Virtual reality

As regional enterprises take to virtualisation across server and storage platforms, it becomes imperative that they re-examine their security investments and modify the organisational mindset to protect their information systems and data better. Sathya Mithra Ashok explores the subject.

Tags: EMC CorporationExtreme Networks IncorporationInfrastructureSymantec CorporationUnited Arab Emirates
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Virtual reality
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By  Sathya Mithra Ashok Published  November 16, 2009 Network Middle East Logo

Virtualisation is probably the most discussed technology move today among organisations in the Middle East. The multiple benefits that these set of technologies can bring across the server and storage platforms has created a situation where more and more enterprises are discussing implementing it or taking due steps to deploy it.

As Fadi Ayoubi, systems engineer at Cisco puts it:"Virtualisation is becoming one of the most important aspects of today's networks due to the efficiency it provides in deploying new services and making them available within the corporate infrastructure. Virtualisation within the network infrastructure in general, and in the data centre in particular, is pushed by most vendors and is getting adopted by enterprise customers. This change towards virtualisation is creating new challenges for infrastructure and security teams in providing consistent levels of isolation, monitoring, and policy enforcement - similar to what is available with physical servers and systems today."

The virtualisation of information systems within enterprises should go hand-in-hand with adequate measures to safeguard these systems. However, security remains of low priority to many regional organisations that are actively working with virtualisation.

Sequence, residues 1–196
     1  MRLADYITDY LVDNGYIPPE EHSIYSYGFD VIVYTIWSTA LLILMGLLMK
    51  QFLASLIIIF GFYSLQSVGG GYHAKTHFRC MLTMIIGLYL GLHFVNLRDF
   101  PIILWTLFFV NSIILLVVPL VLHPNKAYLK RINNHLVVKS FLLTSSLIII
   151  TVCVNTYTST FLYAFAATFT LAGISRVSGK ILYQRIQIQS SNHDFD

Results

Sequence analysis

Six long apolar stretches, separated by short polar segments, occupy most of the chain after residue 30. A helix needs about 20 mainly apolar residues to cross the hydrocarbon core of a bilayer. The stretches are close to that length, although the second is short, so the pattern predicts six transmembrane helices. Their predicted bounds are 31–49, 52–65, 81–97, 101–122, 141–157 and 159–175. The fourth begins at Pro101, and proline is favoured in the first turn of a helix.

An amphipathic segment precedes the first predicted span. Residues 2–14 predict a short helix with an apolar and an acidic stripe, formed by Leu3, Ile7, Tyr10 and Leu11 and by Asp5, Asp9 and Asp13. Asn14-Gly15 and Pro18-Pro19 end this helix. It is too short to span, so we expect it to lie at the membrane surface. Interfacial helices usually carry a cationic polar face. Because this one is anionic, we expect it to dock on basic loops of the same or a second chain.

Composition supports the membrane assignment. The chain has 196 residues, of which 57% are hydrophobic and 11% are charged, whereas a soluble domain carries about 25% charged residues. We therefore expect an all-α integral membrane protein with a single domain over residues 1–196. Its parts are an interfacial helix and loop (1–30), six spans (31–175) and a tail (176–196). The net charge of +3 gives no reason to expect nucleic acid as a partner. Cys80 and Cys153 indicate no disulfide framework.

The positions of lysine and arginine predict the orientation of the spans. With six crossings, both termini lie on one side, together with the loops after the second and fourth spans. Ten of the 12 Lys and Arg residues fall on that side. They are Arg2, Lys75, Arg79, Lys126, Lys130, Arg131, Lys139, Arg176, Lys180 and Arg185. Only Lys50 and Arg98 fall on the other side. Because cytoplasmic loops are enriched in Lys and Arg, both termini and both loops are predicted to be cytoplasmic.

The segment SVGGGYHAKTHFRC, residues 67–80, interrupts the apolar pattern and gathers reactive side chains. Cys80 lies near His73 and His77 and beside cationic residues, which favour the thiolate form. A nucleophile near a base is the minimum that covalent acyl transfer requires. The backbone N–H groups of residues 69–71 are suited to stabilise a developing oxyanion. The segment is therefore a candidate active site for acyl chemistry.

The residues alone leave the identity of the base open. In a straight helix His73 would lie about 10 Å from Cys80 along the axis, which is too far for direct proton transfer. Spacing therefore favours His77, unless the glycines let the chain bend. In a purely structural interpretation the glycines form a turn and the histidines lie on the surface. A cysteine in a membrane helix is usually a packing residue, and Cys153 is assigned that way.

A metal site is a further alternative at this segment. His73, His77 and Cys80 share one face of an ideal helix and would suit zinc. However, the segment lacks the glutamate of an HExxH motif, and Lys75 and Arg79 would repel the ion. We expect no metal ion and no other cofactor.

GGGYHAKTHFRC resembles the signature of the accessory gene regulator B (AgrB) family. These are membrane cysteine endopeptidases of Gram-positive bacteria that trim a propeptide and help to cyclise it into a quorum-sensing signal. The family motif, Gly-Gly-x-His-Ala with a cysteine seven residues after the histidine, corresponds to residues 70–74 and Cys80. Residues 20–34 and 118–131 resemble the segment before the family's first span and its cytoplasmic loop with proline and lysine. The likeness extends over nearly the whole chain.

"A large number of virtualisation projects in the Middle East are either in the testing phase, or are being deployed to support non-critical applications rather than transaction-heavy functions that involve the interchange of large quantities of data. Under these circumstances, security is not a top consideration," said Johnny Karam, regional director at  Symantec.

Even when they do consider security while deploying virtualisation, most organisations do not realise that defending a virtualised environment is quite different from protecting a physical one.

"Virtualisation introduces a different set of security issues - one related to virtual machines (VMs) and the hardware layer. With the hardware layer such as graphics, network and processor cards gaining access to the VMs, they see everything in these machines. In a virtualised environment, if the host is compromised, it is possible to take down the client servers hosted on the primary host machine. Hence, in a virtualised environment the security of both the VMs and its host systems are primary," points out Guru Prasad, GM of networking and security at FVC, value-added distributor for Google Enterprise, delivering service and support on its behalf in this region.

According to Rubén Espinosa Gil, regional marketing manager EMEA South of RSA, the security division of EMC, ideal security solutions for a virtual environment need to be information-centric, contextual and risk-based, capable of maintaining their effectiveness in a virtual world and eventually living in the enterprise cloud.

"Extending enterprise security controls to virtualised applications - enabling persistent, pervasive and scalable deployment of security solutions across the virtual infrastructure - requires a four-pronged approach - assess and understand risks, secure the virtual infrastructure and leverage it, and secure cloud computing," added Gil.

As most regional enterprises are new to virtualisation and its associated functions, they often tentatively use the same solutions and processes being used for their physical environments.

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